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Popular Culture Without... Star Wars

By Ryan Fleming

On the 25th of May 1977 Star Wars was released in the United States, it was a film almost every studio in Hollywood had turned down and even the one that did was not convinced it would be a success. It became the highest grossing film of all time shortly after it’s release, and by 2019 was the third highest grossing film worldwide adjusted for inflation spawning nine subsequent films and counting. What if it had never been made? Within a year of its release its effect on film and television production was already impactful, it ushered in a slew of blockbusters throughout the 1980s that are the guiding light for film studios today, and its effect on the science fiction genre of films in particular was profound. None of this would have come to pass had George Lucas never received the backing to produce his homage to old film serials. With no Star Wars released in 1977, effects would quickly be felt in the world of television as one franchise would not get a chance to make it off a ground and another would not see a change of tactic, as well as in a world of film where a prominent studio would not see a way to change their rudderless direction and a longstanding series of spy films would not feel the need to venture out of this world.

No Star Wars means right away that the US film and television scene of the late 1970s is radically altered. William Friedkin’s Sorcerer does not become the box office flop it was in our history where it had the rotten luck to open in cinemas the month after Star Wars, but on the other hand The Star Wars Holiday Special is never produced – so there are some small mercies here.

Star Wars was not the only science fiction idea struggling to get off the ground in 1970s Hollywood. Amongst what are no doubt many others never produced and lost to the sands of the time is Glen A. Larson’s Battlestar Galactica. Drawing from his own Mormon faith as well as the ancient astronaut theories of Erich von Däniken, Larson would finally find a willing backer in NBC Universal for his science fiction concept following the release of Star Wars. The pilot telemovie “Saga of a Star World” was at the time the most expensive television pilot produced and was released theatrically in some international markets. The series would be short-lived being cancelled after only one season, ironically becoming caught up in a plagiarism lawsuit between 20th Century Fox and Universal over similarities between it and Star Wars. Universal for their part countersued Fox citing similarities between Star Wars and their own Buck Rogers serials of the 1930s. The idea would be reimagined in the 2000s and go on the garner incredible critical acclaim and becoming one of the rare science fiction television series to meet with both critical and commercial mainstream success, and it never would have happened without Star Wars blazing a path for its predecessor to be made.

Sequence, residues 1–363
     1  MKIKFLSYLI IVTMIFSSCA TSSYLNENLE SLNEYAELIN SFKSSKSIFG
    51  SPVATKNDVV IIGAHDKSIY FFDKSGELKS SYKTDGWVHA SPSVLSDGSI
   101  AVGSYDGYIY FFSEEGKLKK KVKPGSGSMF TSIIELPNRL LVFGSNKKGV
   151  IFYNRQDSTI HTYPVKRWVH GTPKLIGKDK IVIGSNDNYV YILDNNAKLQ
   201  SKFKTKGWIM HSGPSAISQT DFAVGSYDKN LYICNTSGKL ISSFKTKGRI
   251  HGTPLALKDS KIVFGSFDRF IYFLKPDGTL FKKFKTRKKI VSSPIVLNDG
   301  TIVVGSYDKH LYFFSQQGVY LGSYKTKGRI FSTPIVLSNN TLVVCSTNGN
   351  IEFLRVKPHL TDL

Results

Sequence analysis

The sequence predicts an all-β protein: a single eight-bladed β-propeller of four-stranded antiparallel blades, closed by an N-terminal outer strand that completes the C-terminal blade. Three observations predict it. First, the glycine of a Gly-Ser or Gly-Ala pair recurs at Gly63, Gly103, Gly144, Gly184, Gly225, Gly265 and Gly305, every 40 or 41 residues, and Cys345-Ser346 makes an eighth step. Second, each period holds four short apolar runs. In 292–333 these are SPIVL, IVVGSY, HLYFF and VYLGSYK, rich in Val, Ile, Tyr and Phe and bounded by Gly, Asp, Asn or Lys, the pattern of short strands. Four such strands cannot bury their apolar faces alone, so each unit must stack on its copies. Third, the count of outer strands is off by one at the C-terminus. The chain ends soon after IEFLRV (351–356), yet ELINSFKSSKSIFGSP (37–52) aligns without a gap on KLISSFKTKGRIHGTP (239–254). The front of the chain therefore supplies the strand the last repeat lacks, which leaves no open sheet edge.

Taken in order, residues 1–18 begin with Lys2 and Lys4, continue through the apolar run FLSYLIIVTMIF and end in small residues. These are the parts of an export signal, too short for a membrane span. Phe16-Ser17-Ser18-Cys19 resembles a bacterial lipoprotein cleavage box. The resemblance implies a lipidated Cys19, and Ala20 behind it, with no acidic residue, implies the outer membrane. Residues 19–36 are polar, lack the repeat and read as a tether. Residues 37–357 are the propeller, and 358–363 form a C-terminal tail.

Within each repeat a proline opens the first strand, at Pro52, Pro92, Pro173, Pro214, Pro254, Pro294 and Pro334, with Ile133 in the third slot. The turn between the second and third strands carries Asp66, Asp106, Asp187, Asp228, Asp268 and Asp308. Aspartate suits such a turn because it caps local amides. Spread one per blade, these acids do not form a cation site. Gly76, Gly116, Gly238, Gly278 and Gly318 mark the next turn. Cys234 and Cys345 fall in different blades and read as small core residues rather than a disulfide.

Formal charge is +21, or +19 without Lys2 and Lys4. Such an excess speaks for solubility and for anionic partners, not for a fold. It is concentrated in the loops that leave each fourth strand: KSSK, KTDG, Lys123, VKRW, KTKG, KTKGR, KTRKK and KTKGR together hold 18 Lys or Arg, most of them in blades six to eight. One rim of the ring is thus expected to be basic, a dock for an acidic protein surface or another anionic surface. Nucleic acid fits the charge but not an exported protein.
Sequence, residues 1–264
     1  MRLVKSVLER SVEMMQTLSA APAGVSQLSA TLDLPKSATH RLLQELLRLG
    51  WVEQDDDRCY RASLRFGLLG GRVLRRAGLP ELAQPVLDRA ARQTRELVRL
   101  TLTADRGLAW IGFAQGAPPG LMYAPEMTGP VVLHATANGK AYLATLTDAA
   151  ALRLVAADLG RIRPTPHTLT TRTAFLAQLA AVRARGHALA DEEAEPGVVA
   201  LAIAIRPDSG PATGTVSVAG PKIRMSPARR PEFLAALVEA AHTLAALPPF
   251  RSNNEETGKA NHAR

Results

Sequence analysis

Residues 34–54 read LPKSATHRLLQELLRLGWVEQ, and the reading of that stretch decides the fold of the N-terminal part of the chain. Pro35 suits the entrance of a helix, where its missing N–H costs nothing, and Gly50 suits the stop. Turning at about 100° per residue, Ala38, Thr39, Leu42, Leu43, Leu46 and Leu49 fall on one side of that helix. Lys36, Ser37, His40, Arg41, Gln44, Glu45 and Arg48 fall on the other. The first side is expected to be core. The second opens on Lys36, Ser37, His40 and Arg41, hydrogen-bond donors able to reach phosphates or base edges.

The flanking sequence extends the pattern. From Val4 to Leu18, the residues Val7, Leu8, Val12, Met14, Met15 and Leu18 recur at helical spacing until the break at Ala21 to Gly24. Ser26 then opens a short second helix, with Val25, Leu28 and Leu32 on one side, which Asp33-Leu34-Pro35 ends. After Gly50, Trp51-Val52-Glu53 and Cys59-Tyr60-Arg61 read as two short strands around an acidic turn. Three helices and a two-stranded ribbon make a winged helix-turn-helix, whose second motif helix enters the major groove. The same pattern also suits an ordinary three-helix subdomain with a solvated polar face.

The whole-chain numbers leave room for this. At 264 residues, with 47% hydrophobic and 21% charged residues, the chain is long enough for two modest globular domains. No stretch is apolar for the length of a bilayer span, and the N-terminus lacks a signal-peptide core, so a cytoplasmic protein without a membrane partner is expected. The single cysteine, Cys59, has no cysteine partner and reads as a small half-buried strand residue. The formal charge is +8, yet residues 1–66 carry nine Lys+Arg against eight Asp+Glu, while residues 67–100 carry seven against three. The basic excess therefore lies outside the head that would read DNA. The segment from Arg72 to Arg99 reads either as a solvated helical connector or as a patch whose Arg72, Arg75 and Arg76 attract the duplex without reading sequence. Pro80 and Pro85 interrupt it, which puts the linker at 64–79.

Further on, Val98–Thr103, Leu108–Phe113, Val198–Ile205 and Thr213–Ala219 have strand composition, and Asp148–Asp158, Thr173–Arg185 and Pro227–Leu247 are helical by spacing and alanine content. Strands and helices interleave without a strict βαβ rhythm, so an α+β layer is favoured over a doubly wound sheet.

It might seem odd that Star Wars could have such a profound effect on a British series of spy films, but Bond series producer Albert ‘Cubby’ Broccoli was nothing if not an astute businessman with an eye for trends. The end credits of 1977’s The Spy Who Loved Me promised “James Bond Will Return in For Your Eyes Only”, but the release of Star Wars convinced Broccoli to take Bond on a space themed adventure for his next film and thus Moonraker was made. It would become the highest grossing film in the series at the time but would garner some criticism for its outlandish plot, necessitating the next film (For Your Eyes Only) becoming a much more conventional thriller. Without Star Wars, Bond never goes into space and For Your Eyes Only is made instead likely as a smaller scale film following The Spy Who Loved Me. A lack of Moonraker may also mean Roger Moore does not return for a fifth performance as 007, as he had been negotiating his participation on a film-by-film basis since The Spy Who Loved Me. In our own timeline before For Your Eyes Only in 1981 there was speculation he might not return and Broccoli considered other actors including Lewis Collins, Ian Ogilvy, Michael Jayston, perennial candidate Michael Billington, and future Bond Timothy Dalton. Dalton nearly got the role in For Your Eyes Only but did not care for the direction the series was going in following Moonraker. Without Star Wars to inspire the success that Moonraker became, the 1980s may never have saw Roger Moore return to the role of James Bond and Timothy Dalton take the reins approximately six years before he did historically in 1987’s The Living Daylights.